NYFF51 Spotlight: Wiseman’s “At Berkeley” Looks at Free Speech Under Financial Crisis

Posted by Brian Brooks on 9.16.2013


Frederick Wiseman's At Berkeley.

The fallout from the financial crisis, the challenges facing public education, and the idealism of youth are just some areas covered in Frederick Wiseman's latest epic At Berkeleywhich will screen in the Official Selection of the 51st New York Film Festival. Shot in a style that recalls vérité (a term often associated with Wiseman's long history of filmmaking though he is not a fan of the word), the 83 year old filmmaker takes his signature observational approach to the University of California, Berkeley.

The four-hour feature is stitched together from well over 200 hours of footage Wiseman accumulated over 12 weeks, told through multiple points of view, including that of administrators facing a crisis of diminishing state resources while attempting to secure financial footing for the university, which is consistently ranked as one of the top in the world, and maintaining its historical diversity.

"Public education is facing a significant challenge," said Wiseman via Skype at the Walter Reade Theatre following a pre-festival screening on Monday. "Forces on the right have called for cuts to the Humanities in favor of areas that only emphasize technical training. But it is the Humanities that teaches and reinforces our democratic institutions."

Wiseman, who will also discuss his career and approach to filmmaking in an HBO Directors Dialogue at NYFF51, said he had nearly complete access to the university. He details on camera an array of formal and impromptu events including the administration's internal discussions of a student sit-in at the school's main library, and going inside the building where dozens of campus activists gave speeches outlining their demands. At Berkeley also goes inside the classroom, around the campus showing students lazing in the California sun, and inside faculty meetings.

"The only thing I didn't really have access to was discussions related to tenure, but otherwise they pretty much gave me free reign," said Wiseman.


Frederick Wiseman's At Berkeley

The filmmaker added that, unlike some of his previous films, this feature does not spotlight an obvious antagonist beyond the general disintegration of support for public higher education.

"I knew that Berkeley had great faculty and students," he explained. "I was impressed by the administrators who are dedicated to preserving [the university's] standards. Some people think a documentary has to expose something malicious or evil—which is sometimes appropriate—but I also think a documentary should show people who are dedicated to what they believe in."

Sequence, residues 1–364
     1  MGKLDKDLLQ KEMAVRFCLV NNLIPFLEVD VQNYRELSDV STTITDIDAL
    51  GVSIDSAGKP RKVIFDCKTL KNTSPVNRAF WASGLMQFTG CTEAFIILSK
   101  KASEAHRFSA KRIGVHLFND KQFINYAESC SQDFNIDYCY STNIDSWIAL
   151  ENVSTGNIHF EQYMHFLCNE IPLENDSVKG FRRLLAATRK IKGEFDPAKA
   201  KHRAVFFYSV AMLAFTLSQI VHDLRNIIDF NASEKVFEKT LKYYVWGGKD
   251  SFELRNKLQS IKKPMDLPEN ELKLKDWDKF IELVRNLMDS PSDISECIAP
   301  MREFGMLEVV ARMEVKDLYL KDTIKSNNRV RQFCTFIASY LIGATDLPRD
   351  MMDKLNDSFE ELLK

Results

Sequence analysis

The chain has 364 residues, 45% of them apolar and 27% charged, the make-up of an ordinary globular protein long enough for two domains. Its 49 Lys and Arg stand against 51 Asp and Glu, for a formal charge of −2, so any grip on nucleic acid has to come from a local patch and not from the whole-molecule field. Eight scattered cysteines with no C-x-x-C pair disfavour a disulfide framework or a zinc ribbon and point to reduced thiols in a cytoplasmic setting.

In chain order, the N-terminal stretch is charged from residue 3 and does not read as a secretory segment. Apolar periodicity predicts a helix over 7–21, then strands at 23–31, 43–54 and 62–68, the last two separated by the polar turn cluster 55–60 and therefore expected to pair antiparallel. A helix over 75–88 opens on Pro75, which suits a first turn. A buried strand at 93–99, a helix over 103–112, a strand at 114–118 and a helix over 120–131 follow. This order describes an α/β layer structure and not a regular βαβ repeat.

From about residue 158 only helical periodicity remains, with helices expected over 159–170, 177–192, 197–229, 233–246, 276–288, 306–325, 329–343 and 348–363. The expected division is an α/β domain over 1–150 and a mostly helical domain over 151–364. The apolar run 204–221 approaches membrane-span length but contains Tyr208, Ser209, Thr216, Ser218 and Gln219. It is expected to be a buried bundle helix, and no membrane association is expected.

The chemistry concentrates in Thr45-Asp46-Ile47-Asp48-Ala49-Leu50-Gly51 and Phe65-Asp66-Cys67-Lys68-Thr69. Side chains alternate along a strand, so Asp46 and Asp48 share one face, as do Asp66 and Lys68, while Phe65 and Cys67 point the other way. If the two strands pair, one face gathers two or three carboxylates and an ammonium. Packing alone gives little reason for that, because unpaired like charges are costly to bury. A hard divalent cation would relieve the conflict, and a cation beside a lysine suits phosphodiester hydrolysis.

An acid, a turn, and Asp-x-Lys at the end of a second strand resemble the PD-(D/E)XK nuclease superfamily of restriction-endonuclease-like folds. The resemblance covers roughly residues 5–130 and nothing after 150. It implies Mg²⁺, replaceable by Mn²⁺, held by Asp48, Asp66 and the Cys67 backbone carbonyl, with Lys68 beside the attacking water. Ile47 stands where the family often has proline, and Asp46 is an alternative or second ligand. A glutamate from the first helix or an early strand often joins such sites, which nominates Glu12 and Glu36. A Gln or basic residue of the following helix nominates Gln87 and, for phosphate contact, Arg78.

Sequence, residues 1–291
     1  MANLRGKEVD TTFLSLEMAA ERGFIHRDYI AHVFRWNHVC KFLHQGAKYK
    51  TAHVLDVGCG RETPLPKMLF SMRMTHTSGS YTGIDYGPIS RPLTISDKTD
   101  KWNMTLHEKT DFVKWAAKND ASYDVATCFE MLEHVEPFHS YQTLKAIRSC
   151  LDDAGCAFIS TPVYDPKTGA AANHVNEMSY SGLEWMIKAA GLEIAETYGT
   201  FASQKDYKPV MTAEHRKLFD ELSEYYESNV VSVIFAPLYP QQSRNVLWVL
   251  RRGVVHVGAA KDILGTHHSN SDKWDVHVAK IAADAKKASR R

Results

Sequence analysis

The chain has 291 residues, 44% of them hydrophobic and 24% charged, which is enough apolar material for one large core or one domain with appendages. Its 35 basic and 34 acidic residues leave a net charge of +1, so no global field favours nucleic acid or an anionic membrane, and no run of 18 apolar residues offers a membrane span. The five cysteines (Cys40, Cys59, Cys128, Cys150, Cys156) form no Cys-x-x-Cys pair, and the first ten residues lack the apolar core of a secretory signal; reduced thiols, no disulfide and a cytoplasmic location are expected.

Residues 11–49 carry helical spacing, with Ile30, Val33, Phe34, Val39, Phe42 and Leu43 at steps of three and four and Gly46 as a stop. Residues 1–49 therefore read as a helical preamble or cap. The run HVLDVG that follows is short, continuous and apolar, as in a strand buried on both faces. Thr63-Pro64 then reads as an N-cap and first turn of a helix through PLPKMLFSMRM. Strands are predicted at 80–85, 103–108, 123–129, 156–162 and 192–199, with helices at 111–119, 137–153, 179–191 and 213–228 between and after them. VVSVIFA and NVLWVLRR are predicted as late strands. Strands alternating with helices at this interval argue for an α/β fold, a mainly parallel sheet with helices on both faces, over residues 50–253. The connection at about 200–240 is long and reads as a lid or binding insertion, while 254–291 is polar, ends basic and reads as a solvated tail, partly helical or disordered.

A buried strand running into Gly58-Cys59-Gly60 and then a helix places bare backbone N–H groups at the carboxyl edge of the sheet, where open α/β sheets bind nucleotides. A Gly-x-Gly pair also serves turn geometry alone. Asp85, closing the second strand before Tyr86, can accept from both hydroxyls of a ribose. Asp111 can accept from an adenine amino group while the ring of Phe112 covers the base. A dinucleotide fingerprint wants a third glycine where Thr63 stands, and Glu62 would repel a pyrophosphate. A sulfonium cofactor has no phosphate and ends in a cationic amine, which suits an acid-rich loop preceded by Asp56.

Consistent with his past work, Wiseman said he viewed footage from the many hours of shooting at the campus and developed its structure while editing: "I don't discover the point of view of the film until I'm editing and I discover its major themes when I work on the film's structure.

Campus life and classroom discussions from a cross-section of disciplines take shape in the feature, all maintaining Wiseman's direct approach to filmmaking. From individual students breaking down under the pressure of the financial fallout all the way up to administrators discussing international recruitment to help balance the books, the film offers a curated glimpse inside of one of the most envied public institutions in the world.

"I wasn't doing a movie solely on the financial crisis and I don't interview anyone. Unless I found people talking about it, I didn't include it," said Wiseman. "And that style choice is either a strength or a hinderance, depending on your point of view."


Frederick Wiseman's At Berkeley.

At Berkeley
Director: Frederick Wiseman
Section: Official Selection
Screens: September 28 at 3:30pm

NYFF Official Description:

From 1967 to the present, Frederick Wiseman has built one of the most formidable bodies of work in cinema. His masterfully constructed documentaries (Wiseman has a sense of structure and of character to rival that of any fiction filmmaker) have examined the inner workings of institutions, undertakings and ways of life great (Welfare) and small (Boxing Gym), joyous (La Danse) and harsh (Near Death). In his new film, he looks at the University of California, Berkeley, as always from multiple angles – the administrators as they try reconcile the school’s storied past with its fiscally grim present, the students as they try to reconcile their ideals with the realities of their world, the maintenance staff, the local shops and restaurants – in order to arrive at a portrait that is rich in detail and epic in scope. Wiseman, now a very youthful 83, is one of our most vigorous filmmakers. He is also one of our greatest.

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